Final Destination turned 20 years old this week, celebrating two decades of increasingly ludicrous Rube Goldberg machines orchestrated by the unseen hand of an extremely industrious Death, busting its unseen ass in an effort to even up its books. But while the series—varied in quality as it is—is certainly dark, it turns out it could have been a whole hell of a lot darker. That’s the biggest takeaway from a recent oral history of the series, conducted by Consequence Of Sound, which talked to creator Jeffrey Reddick about his original vision for the first film, which turns out to have been way heavier on the always-fun topic of teenage suicide.
See, the whole “Death plays Mouse Trap with steak knives” aspect that the series has so thoroughly embraced wasn’t actually part of the original premise—having been added by The X-Files’ James Wong and Glen Morgan when they were brought on to write, produce, and direct the film. In Reddick’s original draft, Death had to be a lot more circumspect when attempting to kill off Devon Sawa, Ali Larter, and the rest of the doomed survivors of Flight 180. And so it went for the less direct method: Haunting the kids with the ghosts of their loved ones, inducing them to take their own lives. It all sounds super heavy, which is presumably why it was ditched in favor of the bloody clockwork joyride the films swiftly became.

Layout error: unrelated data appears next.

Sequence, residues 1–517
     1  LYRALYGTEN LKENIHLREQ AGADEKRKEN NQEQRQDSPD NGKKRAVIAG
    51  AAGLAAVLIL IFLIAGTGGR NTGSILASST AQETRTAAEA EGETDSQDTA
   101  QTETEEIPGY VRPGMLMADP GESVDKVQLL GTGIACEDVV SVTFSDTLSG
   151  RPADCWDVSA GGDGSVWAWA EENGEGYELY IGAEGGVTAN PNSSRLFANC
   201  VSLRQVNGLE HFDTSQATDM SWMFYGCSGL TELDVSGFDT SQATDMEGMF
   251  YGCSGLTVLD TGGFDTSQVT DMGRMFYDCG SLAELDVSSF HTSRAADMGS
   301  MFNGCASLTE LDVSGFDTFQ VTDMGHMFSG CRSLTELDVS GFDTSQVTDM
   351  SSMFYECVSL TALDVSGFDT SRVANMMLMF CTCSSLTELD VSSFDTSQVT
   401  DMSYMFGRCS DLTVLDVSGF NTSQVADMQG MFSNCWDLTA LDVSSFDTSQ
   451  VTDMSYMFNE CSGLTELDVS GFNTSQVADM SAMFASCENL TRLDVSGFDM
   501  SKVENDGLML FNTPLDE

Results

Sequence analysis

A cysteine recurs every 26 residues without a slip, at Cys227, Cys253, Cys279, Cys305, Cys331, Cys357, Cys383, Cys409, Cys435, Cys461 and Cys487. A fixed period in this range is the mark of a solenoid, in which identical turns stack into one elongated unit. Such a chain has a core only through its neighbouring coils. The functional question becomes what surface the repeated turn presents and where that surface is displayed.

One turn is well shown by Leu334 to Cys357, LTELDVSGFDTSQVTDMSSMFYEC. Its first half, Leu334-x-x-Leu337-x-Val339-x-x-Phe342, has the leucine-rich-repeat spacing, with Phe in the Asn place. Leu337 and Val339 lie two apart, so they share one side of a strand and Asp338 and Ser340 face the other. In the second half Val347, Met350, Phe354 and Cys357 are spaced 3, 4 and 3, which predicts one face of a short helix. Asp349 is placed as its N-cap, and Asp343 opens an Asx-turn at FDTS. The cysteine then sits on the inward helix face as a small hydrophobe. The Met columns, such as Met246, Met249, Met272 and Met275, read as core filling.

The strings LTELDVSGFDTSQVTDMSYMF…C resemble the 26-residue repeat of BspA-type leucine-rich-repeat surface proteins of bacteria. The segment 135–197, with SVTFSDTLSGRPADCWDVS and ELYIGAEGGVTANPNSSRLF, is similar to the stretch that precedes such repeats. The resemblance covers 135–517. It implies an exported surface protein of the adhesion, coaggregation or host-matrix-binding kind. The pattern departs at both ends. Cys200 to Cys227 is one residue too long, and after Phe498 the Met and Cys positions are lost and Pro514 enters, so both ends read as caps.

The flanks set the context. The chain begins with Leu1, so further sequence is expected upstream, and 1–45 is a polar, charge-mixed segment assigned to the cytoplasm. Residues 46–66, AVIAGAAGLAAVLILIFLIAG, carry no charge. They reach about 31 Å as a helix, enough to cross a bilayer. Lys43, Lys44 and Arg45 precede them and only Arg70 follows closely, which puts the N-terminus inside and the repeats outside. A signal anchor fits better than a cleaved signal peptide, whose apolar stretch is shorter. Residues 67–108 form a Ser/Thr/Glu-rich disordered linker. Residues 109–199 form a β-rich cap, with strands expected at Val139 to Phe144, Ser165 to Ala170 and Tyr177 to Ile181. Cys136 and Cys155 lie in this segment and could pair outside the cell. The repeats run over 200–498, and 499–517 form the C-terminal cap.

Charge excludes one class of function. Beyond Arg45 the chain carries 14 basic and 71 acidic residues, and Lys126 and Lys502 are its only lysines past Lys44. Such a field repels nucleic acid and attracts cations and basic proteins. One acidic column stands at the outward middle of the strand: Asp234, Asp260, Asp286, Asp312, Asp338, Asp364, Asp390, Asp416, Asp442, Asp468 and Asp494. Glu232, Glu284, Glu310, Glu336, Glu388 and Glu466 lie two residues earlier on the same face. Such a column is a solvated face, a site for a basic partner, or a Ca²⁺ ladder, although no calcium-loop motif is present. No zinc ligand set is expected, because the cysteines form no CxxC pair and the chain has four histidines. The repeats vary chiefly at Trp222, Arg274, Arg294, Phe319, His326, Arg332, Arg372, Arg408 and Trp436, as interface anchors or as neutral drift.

Meanwhile, the oral history is also filled to the brim with nifty technical details, including multiple perspectives on the bus hit that summarily knocks Amanda Detmer’s character Terry out of “Being alive” contention. (Detmer recounting an anecdote about a makeup student gushing about the semester she spent studying her explosive death is an especially weird touch.) It’s a nice look back at how all of the original film’s elaborate shenanigans played out—even as it also teaches us how late in the process those innovations arrived.